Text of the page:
בפועל, בצפון הר הבית, כמעט ואין למצוא כיום שרידים עתיקים. גם הכותל המזרחי העתיק נחרב כמעט לכל אורכו, וכמעט לא נשארו ממנו שרידים בחלקיו המרכזיים. באשר לשרידים שבקצוות, ניתן לקבוע כי הם היו מחוץ לתחום המקודש, ואולי משום כך לא דקדקו הדוכסים להרוס אותם לגמרי. באשר לכותל הדרומי, לכאורה גם הוא לא חרב, וקטע גדול ממנו קיים עד היום. אבל כותל זה שבימינו, ניצב מחוץ לתחום המקודש, בעוד אשר הכותל הדרומי הקדום, שהיה בקצה התחום המקודש של הר הבית, עמד צפונית לו. גם מן הכותל הדרומי המקורי לא שרד דבר שניתן לראותו בעין.

In the north of the Temple Mount, almost no ancient remains can be found today. Even the ancient eastern wall was destroyed throughout almost its entire length, leaving hardly any trace of it in its main parts. As to that which remains of the edges, we can determine that they were out of the 'sanctified' area, and maybe that's why the officials [of Rome, who were supposed to destroy the Temple's walls] didn't bother to destroy them completely. Regarding the southern wall, it too seems not to have been destroyed, and a large section of it still exists today. But this wall stands outside the 'sanctified area', while that of the ancient Southern Wall was at the edge of the sanctified area of the Temple Mount, was north of it. From the original southern wall, nothing survived that can be seen with the eye.

In other words, while other sections of the Temple Mount's walls have survived, these are either later parts of the wall or sections of the wall that did not have the holy status of the Temple Mount (see Keilim 1:8). (This small paragraph is a summary of much of R. Koren's life's work into the measurements of what and where should be considered sanctified on the Temple Mount - see his many books and articles on the topic).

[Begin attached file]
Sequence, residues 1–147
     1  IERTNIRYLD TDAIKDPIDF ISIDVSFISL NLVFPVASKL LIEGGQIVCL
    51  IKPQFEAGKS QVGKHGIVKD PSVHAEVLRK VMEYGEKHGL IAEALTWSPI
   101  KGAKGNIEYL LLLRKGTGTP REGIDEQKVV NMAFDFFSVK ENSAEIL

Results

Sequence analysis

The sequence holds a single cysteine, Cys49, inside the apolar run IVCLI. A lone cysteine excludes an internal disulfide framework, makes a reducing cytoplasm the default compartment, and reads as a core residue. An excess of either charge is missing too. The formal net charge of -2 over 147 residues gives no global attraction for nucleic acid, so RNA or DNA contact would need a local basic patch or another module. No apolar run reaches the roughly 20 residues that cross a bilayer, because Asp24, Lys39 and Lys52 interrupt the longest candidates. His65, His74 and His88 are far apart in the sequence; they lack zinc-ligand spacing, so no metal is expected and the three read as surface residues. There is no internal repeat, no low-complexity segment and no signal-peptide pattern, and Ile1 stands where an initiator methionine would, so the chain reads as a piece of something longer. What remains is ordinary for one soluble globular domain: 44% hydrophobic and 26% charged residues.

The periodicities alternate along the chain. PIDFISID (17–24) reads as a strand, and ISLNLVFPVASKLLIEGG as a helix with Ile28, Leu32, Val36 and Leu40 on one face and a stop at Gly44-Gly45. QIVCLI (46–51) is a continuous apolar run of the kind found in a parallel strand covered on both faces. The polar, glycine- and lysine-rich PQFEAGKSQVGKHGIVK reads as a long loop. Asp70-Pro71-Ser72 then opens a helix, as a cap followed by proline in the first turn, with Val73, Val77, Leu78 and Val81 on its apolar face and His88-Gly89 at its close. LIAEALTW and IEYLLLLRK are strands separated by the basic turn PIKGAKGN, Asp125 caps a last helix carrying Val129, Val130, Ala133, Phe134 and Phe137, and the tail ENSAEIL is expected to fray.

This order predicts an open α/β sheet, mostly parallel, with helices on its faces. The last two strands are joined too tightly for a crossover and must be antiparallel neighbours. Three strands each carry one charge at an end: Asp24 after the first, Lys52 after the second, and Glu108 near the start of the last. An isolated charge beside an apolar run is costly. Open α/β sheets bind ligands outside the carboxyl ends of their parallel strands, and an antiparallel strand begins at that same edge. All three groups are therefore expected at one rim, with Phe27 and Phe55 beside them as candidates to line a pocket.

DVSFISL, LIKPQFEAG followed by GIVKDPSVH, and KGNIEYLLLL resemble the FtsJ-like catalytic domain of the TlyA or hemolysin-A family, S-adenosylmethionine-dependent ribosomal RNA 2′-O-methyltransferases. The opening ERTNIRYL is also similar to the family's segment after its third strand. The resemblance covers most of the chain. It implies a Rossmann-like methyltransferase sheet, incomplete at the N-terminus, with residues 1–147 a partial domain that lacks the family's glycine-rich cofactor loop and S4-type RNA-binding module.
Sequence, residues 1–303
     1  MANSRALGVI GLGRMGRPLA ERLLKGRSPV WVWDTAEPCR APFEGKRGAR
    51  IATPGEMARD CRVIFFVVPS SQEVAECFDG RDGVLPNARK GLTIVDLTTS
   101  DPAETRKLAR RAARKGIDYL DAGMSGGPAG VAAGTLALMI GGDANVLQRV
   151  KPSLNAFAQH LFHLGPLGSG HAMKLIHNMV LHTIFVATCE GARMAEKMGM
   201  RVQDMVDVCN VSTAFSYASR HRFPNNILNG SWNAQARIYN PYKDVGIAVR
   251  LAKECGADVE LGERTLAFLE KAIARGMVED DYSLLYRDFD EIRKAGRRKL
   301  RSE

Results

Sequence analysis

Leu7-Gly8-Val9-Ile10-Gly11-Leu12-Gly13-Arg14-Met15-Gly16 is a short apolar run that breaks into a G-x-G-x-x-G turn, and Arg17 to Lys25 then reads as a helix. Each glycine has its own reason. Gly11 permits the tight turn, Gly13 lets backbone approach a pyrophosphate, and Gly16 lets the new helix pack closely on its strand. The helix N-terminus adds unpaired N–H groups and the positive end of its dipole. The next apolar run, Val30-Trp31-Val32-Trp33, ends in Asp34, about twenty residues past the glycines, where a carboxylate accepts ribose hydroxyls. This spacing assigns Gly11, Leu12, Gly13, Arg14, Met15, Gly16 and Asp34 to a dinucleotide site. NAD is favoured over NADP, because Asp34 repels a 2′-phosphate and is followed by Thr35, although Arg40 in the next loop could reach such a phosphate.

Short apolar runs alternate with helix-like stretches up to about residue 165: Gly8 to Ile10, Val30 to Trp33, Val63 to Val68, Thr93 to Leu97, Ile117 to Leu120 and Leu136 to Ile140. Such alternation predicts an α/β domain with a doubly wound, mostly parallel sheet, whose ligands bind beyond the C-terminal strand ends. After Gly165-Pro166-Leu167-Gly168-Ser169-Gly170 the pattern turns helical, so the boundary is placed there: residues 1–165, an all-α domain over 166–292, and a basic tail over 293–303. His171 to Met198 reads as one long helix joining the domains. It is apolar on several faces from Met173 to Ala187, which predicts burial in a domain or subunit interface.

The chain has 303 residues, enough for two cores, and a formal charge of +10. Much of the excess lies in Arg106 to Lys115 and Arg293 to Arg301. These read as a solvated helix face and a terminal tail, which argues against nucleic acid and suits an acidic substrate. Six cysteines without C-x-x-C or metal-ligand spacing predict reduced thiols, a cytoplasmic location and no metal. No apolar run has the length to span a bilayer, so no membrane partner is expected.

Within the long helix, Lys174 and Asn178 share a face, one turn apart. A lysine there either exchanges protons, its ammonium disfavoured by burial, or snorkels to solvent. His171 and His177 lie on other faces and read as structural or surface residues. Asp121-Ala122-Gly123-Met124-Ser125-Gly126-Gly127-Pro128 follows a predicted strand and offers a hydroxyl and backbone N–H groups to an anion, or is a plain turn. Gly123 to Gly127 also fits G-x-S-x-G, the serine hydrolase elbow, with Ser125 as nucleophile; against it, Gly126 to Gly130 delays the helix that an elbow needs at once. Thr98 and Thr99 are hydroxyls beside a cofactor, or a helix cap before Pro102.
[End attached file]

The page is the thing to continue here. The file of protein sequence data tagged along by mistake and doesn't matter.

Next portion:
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Note the Midrash in the other answer which indicates that the uniqueness of the western wall dates from the first temple, well before any retaining walls existed. – Double AA Jul 13 '14 at 6:19
@DoubleAA you mean the one quoted from R. Kasher in Torah Shelaima? He only speculates that the story comes from a medrash (though I don't know how early it needs to be to be considered a 'midrash') – Matt Jul 13 '14 at 6:21

There is a medrash hagadol (i'll post the maareh makom soon, when i get back to my sforim) that says the stone (stones) from Yaakov avinu's mizbe'ach was used in the binyan beis hamikdosh and kept jumping out because he didn't want to get destroyed. Untill they put him in the western wall which will never be destroyed, then he stayed put. (The medrash i mentioned is brought in the Torah Shleimah parshas vayeitzei chapter 28 vs 22 note number 157, It is not a medrash hagadol but Rabbi Kasher says it is a medrash.)

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-1 This doesn't answer the question which asked about the "western wall of har habayis" not the western wall of the Temple. Your source discusses Shlomo being there, yet the Kotel wasn't built until roughly a thousand years later. – Double AA Jul 13 '14 at 5:46
Well after you edited the question it doesnt answer it. But it answers the original question. – user6591 Jul 13 '14 at 6:12
I only edited in the Original Poster's clarification from his comment. – Double AA Jul 13 '14 at 6:14